A group of South Korean officials and railway experts will return home this week after completing a joint inspection on the rail line along North Korea's western region, a unification ministry official said Tuesday.
A train left for the North on Friday with 28 South Koreans on board to inspect the Gyeongui western railway as part of its 18-day inspection of the rail system in the North.
The personnel will return home Wednesday after completing a six-day inspection on the western line from Kaesong near the border with the South to Sinuiju near the border with China, while the train is to leave for the eastern city of Wonsan for a 10-day inspection on the North's Donghae eastern line, the official said.
"The Gyeongui line team will cross into the South at around 5 p.m. tomorrow," the official told reporters.
He did not share details on the inspection results, saying that it is difficult to confirm such information at this moment.
A separate team of South Koreans will cross into the North on Saturday to conduct the inspection of the North's eastern railway, which will last until Dec. 17.
The inspection of a combined 1,200-km-long railways in the North is part of a summit agreement between the leaders of the Koreas in April to modernize and eventually reconnect rail systems across their border in a bid to foster reconciliation on the Korean Peninsula.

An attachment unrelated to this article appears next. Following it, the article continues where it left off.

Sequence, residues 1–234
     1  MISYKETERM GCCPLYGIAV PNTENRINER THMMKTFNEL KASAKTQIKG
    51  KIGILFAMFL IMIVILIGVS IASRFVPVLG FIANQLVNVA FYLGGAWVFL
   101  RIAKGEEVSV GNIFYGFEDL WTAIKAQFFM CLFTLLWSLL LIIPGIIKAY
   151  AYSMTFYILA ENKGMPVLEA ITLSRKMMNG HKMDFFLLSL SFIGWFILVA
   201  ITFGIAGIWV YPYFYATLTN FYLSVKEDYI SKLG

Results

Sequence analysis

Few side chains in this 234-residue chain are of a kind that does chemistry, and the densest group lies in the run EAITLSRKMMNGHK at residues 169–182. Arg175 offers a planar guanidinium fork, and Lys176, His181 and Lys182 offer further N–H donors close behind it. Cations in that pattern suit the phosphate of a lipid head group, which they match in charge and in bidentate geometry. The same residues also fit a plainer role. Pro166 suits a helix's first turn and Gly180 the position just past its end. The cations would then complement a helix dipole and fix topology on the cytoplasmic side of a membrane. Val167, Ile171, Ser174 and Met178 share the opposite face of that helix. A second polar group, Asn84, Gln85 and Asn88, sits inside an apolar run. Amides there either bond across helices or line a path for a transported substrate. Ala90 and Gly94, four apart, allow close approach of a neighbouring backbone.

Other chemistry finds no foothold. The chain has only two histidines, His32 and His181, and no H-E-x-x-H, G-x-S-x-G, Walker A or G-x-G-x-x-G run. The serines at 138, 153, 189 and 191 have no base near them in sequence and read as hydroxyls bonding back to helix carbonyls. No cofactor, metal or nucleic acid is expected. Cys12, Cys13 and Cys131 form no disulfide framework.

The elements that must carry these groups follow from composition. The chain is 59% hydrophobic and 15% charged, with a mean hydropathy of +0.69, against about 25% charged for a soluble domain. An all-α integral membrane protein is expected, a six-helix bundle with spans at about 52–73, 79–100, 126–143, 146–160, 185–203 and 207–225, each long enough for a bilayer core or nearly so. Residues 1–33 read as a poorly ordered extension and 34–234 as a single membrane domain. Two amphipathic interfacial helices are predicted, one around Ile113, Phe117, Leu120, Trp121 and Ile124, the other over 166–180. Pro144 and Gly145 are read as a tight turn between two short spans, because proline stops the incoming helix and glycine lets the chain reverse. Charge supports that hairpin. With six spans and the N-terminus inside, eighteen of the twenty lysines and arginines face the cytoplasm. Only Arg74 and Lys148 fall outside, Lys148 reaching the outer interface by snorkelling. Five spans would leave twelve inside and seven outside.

The railway inspection is the first of its kind since 2007, when the Koreas inspected a 412-km railway linking Kaesong to Sinuiju. It is also the first time for a South Korean train to run from Mount Kumgang to the Tumen River on the North's eastern line since the peninsula was divided following the 1950-53 Korean War.
The inspection has been delayed amid US concerns about possible violations of UN sanctions on North Korea. But the project was given a green light recently as the US expressed strong support for the survey, and the UN Security Council granted a sanctions exemption.
The official said that the government hews to its plan to hold a groundbreaking ceremony before the end of this year for the inter-Korean railway and road connection project.
With regard to a North Korean art troupe's proposed trip to Seoul and the planned display of the North-owned historic relics at an exhibition in South Korea, he said that consultations are still under way and more time is needed to fix the dates.
In a summit in September with South Korean President Moon Jae-in, North Korean leader Kim Jong-un agreed to send an art troupe to perform in Seoul in October. The two also agreed to display the North's historical relics during an exhibition to mark the 1,100th anniversary of the establishment of the Goryeo Dynasty (918-1392).
The exhibition, which kicked off on Tuesday, will run through March 3. Officials said that North Korean relics will go on display at the exhibition as soon as they arrive. (Yonhap)